On our nature walk yesterday, I felt like I began to understand more of the reasoning behind the classroom environment. The transition from us being indoors to outdoors was a key moment. Inside, in the classroom, I felt relatively focused; possibly due to the neutral, plain colored walls, the cold, consistent temperature air, and our small classroom closed to the rest of the building- and the world, with the door shut and the blinds covering the windows. The only distraction I could find in the classroom is my own mind diverging down multiple different paths and making me lost in my own thoughts. I often find classrooms uninteresting, forcing me to pay more attention to the subject at hand, versus observing the atmosphere around me, which is my tendency when I’m outside or in a lively environment.
When we ventured outside, the environment around us became full of life. There was an eclectic color palate, painted by the sky and the plants bursting of life. The air was warmer with a humid feel, uneven due to the unsteady breezes whispering around campus. There were smells of food, perhaps coming from the union, and of the flowers in the beds near the buildings, and of the grass. Outside, it wasn’t just our small group of people anymore. There were people bustling to work or class on the sidewalks around us, people resting on the benches on the outsides of the sidewalks, and people napping in the grass. Past the plant life and other human species around us, we noticed many squirrels, birds, and ducks on our walk. Outside, the attention isn’t just focused on us, the human species, outside, we are equal, if not lesser to the beautiful ways of the world around us.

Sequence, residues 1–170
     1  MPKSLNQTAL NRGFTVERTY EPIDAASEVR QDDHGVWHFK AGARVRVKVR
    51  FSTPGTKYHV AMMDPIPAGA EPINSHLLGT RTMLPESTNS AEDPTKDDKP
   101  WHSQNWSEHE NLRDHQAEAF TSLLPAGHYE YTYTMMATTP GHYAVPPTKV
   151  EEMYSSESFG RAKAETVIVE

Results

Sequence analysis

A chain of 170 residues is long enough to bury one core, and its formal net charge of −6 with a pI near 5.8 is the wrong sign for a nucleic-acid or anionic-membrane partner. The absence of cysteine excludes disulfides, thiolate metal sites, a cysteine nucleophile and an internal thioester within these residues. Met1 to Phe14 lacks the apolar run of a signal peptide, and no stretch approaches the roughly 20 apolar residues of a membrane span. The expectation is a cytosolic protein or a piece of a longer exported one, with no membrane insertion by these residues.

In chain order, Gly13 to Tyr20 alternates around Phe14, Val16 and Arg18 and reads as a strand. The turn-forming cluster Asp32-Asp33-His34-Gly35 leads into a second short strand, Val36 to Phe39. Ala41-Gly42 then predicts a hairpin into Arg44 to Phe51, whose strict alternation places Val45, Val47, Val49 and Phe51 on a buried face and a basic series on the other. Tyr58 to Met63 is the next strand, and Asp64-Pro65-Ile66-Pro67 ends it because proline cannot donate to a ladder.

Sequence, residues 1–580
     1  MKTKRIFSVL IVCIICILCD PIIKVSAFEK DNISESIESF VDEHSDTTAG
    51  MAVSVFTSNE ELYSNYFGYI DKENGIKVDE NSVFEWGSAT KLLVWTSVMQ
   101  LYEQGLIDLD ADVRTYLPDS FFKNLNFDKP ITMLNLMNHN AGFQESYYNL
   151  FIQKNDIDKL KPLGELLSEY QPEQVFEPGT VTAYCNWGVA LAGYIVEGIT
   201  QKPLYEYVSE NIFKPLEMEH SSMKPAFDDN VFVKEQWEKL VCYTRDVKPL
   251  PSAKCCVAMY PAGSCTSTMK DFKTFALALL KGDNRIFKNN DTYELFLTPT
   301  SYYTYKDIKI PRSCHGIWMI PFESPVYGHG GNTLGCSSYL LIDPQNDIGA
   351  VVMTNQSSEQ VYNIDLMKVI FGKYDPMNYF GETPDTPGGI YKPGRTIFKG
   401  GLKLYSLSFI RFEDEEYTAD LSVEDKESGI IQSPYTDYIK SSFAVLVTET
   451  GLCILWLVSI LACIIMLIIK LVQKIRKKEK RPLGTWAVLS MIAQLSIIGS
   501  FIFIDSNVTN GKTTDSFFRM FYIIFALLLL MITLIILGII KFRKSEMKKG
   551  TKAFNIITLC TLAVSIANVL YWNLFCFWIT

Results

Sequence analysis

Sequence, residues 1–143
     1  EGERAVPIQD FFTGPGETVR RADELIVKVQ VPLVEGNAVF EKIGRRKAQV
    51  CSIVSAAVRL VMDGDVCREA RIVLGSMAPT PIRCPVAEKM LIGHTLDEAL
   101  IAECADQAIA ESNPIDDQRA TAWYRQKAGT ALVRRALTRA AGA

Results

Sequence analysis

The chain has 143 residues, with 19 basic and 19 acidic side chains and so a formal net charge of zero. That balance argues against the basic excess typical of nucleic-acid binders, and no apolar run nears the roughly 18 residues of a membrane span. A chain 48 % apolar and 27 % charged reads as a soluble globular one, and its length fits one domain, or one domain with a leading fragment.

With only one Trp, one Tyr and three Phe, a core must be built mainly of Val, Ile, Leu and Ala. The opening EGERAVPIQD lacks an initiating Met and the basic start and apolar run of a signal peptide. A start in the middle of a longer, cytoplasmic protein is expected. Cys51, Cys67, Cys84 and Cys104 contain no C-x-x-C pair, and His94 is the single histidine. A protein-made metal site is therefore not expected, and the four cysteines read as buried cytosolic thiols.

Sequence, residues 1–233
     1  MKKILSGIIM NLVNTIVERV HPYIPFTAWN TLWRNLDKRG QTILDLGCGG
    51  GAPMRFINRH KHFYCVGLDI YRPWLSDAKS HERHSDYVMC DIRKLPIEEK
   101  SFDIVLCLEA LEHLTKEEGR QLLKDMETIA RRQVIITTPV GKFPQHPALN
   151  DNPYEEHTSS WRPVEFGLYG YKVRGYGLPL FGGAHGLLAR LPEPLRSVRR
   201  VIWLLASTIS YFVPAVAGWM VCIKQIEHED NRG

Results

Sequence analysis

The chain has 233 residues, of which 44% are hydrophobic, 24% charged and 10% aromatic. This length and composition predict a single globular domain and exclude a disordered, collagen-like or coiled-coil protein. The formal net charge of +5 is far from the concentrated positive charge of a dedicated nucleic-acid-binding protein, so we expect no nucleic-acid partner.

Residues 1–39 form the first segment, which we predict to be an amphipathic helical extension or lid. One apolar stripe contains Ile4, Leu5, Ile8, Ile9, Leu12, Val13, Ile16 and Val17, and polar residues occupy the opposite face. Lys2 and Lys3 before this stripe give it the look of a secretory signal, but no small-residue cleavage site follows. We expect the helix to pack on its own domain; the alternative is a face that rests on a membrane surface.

Being outside on our walk, and just in general, makes me feel more alive (I know that sounds cliché, but I truly do feel that way). Yet, I also noticed outside where my thoughts were. I was fascinated by the beautiful, natural shades of the earth around us, then distracted by the varying smells that filled my nose, and even more focused in on observing the people and animals around us. While I believe that there is so much to be learned from being outdoors and observing the world around us, I realized on our walk how little I would learn if any of my intensive academic classes were taught in the outdoor world. I already find it hard enough to focus with just my mind being able to run wild in class, and my computer or phone within an arms’ reach, but I realized that if I was in any other setting but the traditional classrooms or lecture halls, I believe that there would be a very little chance that I could focus at all on what I was being taught about. Until yesterday, I don’t think I had every appreciated the atmosphere of a classroom, so our walk was a mind opening experience for me.